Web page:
W00T!
post #4 of 60
I really wish I was in a position to buy a load of Apple shares. Unfortunately that's not the case
post #5 of 60
Quote:
Originally Posted by DKWalsh4 View Post

I really wish I was in a position to buy a load of Apple shares. Unfortunately that's not the case

How about a time machine to go back to when they were a mere fraction of the value they are today?
post #6 of 60
Quote:
Originally Posted by Hattig View Post

How about a time machine to go back to when they were a mere fraction of the value they are today?

If I had a time machine I'd be writing down lotto numbers. I'd do last week's EuroMillions and get my half of the €100,000,000 prize.
Citing unnamed sources with limited but direct knowledge of the rumoured device - Comedy Insider (Feb 2014)
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Citing unnamed sources with limited but direct knowledge of the rumoured device - Comedy Insider (Feb 2014)
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post #7 of 60
How many times do we need to repeat this its is NOT related to "the two-year contract term."

I has nothing to do with the contract you have with AT&T.

It is just that Apple decided to take the revenue from the sale of the phone over 24 months, nothing to do with income from iPhone contracts. Simple.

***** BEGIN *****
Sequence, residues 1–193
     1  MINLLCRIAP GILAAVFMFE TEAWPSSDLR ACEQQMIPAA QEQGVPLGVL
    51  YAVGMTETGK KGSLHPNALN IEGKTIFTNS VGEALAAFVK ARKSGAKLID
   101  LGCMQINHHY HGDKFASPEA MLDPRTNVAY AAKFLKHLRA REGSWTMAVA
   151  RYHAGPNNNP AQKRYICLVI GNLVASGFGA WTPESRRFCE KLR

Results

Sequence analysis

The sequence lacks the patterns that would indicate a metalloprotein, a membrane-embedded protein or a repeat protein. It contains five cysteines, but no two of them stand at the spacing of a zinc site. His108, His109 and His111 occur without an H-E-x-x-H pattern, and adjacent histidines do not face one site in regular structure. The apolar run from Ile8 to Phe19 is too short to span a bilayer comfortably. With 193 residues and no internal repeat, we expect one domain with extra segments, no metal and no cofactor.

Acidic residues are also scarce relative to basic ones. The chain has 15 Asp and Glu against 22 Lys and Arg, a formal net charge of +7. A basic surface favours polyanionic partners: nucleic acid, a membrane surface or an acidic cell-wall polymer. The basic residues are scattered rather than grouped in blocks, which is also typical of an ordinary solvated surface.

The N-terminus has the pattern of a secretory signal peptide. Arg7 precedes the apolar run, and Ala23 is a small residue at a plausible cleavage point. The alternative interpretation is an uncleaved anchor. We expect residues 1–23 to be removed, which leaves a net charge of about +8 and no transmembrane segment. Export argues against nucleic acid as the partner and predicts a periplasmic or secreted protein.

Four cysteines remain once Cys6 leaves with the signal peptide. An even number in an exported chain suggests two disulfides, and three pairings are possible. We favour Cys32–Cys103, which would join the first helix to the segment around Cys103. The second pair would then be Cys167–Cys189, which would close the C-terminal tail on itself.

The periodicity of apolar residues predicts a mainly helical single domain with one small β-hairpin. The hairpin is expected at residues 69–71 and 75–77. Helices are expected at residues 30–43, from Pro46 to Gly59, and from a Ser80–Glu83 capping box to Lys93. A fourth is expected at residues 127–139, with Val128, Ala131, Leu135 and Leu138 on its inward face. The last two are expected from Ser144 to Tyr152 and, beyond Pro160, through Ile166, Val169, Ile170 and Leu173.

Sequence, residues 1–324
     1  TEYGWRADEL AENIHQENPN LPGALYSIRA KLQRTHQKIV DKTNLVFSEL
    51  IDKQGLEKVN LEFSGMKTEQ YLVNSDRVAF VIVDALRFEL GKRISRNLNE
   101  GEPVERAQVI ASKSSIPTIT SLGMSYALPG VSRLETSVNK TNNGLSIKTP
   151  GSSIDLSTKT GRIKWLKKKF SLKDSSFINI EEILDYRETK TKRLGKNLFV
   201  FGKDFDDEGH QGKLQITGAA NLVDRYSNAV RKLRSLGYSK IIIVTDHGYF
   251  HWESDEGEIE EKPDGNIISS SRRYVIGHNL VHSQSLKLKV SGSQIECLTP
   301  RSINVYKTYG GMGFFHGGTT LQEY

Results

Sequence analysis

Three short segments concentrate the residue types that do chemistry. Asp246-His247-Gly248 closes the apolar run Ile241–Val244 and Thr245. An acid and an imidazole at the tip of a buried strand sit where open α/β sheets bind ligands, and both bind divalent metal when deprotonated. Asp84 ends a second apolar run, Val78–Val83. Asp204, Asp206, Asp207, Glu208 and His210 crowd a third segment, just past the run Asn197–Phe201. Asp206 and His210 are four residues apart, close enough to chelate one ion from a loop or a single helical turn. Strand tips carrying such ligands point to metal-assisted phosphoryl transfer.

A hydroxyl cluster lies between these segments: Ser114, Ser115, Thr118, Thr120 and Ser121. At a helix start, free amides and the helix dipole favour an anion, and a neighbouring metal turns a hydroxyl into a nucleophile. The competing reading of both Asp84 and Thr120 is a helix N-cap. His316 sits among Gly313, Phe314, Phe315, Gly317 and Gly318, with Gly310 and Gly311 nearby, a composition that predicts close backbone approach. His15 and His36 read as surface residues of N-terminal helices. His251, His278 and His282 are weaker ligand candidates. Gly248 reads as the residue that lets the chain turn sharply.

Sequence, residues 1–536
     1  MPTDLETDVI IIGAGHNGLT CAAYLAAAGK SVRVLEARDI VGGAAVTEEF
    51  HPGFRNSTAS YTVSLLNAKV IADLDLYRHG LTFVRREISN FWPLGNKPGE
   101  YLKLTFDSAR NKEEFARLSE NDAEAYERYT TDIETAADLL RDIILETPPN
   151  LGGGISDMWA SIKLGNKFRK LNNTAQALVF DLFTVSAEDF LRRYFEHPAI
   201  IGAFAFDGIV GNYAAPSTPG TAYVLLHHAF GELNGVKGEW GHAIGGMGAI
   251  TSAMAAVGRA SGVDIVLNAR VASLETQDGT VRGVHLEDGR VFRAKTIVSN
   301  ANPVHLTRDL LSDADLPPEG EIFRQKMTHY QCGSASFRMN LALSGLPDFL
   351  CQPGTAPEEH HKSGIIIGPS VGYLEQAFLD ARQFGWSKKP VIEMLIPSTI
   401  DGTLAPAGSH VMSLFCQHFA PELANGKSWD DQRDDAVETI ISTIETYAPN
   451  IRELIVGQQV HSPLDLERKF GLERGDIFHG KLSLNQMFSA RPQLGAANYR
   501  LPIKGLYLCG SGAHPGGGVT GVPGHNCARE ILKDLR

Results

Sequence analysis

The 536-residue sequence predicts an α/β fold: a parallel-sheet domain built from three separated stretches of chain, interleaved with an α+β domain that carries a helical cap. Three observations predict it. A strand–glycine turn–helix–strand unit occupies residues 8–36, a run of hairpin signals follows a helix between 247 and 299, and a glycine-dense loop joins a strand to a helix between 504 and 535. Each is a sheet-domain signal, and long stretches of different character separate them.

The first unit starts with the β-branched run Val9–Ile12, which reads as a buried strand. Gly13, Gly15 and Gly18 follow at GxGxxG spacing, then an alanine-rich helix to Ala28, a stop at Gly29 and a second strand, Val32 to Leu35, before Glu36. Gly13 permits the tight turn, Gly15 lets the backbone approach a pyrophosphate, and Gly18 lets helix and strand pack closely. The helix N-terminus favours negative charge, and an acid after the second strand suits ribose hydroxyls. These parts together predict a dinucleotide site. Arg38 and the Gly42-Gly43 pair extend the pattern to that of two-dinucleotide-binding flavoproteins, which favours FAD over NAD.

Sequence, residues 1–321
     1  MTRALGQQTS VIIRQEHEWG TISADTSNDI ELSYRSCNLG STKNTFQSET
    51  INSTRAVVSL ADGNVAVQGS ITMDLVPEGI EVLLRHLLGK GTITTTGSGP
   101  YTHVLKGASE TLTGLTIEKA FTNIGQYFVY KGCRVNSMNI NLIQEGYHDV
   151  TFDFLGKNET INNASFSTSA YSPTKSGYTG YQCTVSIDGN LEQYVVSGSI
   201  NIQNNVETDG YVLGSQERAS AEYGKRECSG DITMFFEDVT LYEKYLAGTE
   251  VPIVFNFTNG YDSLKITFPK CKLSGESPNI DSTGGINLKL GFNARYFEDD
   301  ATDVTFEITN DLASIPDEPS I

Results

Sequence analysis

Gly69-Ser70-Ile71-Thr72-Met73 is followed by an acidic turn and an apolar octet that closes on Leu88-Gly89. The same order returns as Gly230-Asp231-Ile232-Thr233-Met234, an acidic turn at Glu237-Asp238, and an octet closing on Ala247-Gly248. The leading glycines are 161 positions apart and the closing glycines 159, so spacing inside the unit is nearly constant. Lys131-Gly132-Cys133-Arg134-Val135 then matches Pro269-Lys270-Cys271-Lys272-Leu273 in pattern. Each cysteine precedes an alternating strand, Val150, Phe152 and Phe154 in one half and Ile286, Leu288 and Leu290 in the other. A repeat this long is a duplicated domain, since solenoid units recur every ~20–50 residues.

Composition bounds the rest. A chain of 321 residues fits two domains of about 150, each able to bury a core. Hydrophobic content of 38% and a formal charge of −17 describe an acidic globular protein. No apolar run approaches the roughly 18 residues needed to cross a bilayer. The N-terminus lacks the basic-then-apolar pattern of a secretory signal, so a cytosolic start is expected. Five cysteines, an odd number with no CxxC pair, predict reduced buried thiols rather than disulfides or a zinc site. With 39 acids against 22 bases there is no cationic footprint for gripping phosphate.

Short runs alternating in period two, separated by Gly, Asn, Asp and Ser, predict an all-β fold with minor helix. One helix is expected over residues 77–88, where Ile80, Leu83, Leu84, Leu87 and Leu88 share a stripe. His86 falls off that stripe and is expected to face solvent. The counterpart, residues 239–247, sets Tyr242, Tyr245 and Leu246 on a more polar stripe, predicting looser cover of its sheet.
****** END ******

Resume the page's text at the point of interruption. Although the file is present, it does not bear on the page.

In the UK we have 18 month contracts but Apple still realises revenue over 24 months.

Get it right AI......

This rule also applies to the Apple TV, which also has its revenue realised over 24 months, no contact in sight there.

They did this for both devices so that they could give free updates with added features in the future without failing foul of the Sawbane - Oxley rules.
post #8 of 60
Quote:
Originally Posted by Hattig View Post

How about a time machine to go back to when they were a mere fraction of the value they are today?

Well let's say the year 2002...well I would have been 17 years old with about $50 dollars to my name. According to Yahoo, on 10/9/02 I would have been able to afford 7 shares of Apple. (Share price of $6.80). Now a days those 7 shares would have been worth $1291.36

(Yes, I know you can't buy 7 shares at a time.)
post #9 of 60
Quote:
Originally Posted by parky View Post

How many times do we need to repeat this its is NOT related to "the two-year contract term."

I has nothing to do with the contract you have with AT&T.

It is just that Apple decided to take the revenue from the sale of the phone over 24 months, nothing to do with income from iPhone contracts. Simple.

In the UK we have 18 month contracts but Apple still realises revenue over 24 months.

Get it right AI......

This rule also applies to the Apple TV, which also has its revenue realised over 24 months, no contact in sight there.

They did this for both devices so that they could give free updates with added features in the future without failing foul of the Sawbane - Oxley rules.

I think there are other reasons too, but I can't quite pinpoint why.
Citing unnamed sources with limited but direct knowledge of the rumoured device - Comedy Insider (Feb 2014)
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Citing unnamed sources with limited but direct knowledge of the rumoured device - Comedy Insider (Feb 2014)
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post #10 of 60
Quote: